Generally I recommend every 2-3 years for a family of 5 or 6.

    The cost of pumping in comparrison to a field replacement in nothing.

  10. #10
    DIY Senior Member Mike Swearingen's Avatar
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    Yep. It costs only $225 to pump a tank here, and a whole lot more to replace drainfield lines. All NC septic permits now require a "repair area" that doubles the layout size of the drainfield area so that the homeowner can replace the entire field if and when necessary.
    The "pump-the-tank-out at least every five years" is the minimum recommendation by NC State University, which has conducted extensive septic system studies for many years. If usage is above average, then more frequent pumping is needed, as Cass says.
    NCSU studies have also concluded that all of those septic system additives are unnecessary and a waste of money. Normal usage will provide all of the bacteria needed for a system to function properly.
    I've been on a septic system for 31 years now, and I've never used additives, but due to the drainfield having shrubbery planted over it, I flush a cup or two of copper sulphate crystals down about three times per year to prevent roots in the lines. No problems.
    Mike

  11. #11

    Cool It's time for springtime septic digging

    Hello, everybody, I'm coming out of hibernation. Better weather is right around the corner here in Illinois and my father and I will be digging out all 3 access portals to my septic tank and also uncovering the distribution box to inspect the system to see if anything is evident that might be causing the odd gas back pressure in this 30-year old septic system. I suspect there may be a problem with the tank inlet tee or maybe the outlet, so maybe that will help solve my problem quickly.

    Two additional questions that I've been thinking about:

    I have heard of creating a running trap between the house and the inlet to the septic tank. In fact, I have read that some installers put them on all septic systems. Does anybody have any caveats about this? I'm not really sure it would help if there is such a back pressure problem in the tank. Although I don't seem to ever get the back pressure of septic gas through the shower drain trap in the lower level bathroom nor any toilets, but it does come out most of the sink drain p-traps, so maybe this helps predict that a large 4" running trap outside between the back of the garage and the septic tank (this is a fairly small run) would help block the pressure.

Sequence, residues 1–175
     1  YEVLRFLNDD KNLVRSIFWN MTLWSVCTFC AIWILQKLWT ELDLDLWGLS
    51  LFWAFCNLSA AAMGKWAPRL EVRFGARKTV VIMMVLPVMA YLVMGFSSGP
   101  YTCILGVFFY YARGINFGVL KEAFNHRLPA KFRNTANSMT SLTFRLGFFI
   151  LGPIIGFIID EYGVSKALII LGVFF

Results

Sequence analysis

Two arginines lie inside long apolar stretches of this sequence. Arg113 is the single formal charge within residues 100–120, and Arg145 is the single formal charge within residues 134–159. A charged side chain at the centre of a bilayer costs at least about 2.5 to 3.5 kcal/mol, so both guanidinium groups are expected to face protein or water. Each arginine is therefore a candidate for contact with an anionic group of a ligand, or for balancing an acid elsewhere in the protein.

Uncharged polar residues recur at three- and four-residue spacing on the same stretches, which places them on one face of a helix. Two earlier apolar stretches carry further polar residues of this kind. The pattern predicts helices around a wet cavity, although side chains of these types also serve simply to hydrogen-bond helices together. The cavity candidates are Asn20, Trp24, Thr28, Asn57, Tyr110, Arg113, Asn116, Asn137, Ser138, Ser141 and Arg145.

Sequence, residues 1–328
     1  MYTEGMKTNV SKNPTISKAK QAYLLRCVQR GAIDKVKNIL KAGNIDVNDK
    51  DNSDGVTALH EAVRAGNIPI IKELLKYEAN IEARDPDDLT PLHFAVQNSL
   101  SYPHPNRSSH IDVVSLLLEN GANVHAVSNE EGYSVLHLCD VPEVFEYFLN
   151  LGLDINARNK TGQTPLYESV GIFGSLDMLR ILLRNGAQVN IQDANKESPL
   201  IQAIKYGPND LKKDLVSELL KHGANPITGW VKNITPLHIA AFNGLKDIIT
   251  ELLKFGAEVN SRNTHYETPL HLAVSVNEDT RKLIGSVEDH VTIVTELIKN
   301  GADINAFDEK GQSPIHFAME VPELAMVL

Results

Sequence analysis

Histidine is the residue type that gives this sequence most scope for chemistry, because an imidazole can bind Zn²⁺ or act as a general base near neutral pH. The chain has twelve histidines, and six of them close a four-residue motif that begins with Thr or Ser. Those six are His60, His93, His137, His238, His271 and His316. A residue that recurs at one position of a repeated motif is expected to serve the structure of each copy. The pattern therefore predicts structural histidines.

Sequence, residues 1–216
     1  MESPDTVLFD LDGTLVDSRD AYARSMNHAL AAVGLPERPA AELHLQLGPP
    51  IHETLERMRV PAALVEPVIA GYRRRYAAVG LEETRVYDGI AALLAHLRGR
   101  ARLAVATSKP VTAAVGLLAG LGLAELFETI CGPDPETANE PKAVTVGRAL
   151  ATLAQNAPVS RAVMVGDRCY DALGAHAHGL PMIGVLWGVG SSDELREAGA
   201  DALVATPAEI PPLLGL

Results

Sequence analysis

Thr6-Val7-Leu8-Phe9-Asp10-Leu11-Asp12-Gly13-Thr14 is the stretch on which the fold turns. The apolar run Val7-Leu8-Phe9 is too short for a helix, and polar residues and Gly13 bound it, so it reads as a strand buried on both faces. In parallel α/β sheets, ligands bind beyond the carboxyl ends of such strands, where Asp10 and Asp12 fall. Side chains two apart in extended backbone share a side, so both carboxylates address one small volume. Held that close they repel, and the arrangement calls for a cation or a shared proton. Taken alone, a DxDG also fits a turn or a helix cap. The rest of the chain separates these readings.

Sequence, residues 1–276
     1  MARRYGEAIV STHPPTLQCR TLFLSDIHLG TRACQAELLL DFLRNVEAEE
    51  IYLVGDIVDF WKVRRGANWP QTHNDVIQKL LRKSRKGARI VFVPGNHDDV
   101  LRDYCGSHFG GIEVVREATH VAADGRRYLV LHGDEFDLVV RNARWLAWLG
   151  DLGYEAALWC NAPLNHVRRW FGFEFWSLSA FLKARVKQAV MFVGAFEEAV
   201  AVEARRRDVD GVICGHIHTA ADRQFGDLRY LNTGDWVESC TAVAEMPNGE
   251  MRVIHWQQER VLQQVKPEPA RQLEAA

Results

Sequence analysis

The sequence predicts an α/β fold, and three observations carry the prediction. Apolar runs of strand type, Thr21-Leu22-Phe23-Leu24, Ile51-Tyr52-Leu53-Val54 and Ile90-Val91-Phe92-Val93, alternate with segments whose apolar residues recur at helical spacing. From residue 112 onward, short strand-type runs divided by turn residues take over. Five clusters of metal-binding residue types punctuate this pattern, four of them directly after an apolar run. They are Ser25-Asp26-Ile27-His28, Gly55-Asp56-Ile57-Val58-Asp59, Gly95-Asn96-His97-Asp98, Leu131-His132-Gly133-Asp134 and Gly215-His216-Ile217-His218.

Venting the septic tank or distribution box is the possibility previously discussed here which I agree may be necessary. What is the best type of vent for this and how far does it have to rise from the ground? This is going to be very evident in the back yard of the house.

    Thanks for all the ideas so far. I'm just about ready to get shoveling.

  12. #12
    DIY scratch-pad engineer leejosepho's Avatar
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    Quote Originally Posted by ryan100 View Post
    Venting the septic tank or distribution box is the possibility previously discussed here which I agree may be necessary. What is the best type of vent for this and how far does it have to rise from the ground? This is going to be very evident in the back yard of the house.

    Thanks for all the ideas so far. I'm just about ready to get shoveling.
    My vents are flush with the ground. You should be able to find a green, plastic 4" grate that fits inside a PVC coupling at the top of the vent pipe.

    I live just a little east of you, and yesterday a septic contractor reported digging through 39" of frost. My guess is another month before our shovels will be useful!

  13. #13

    Default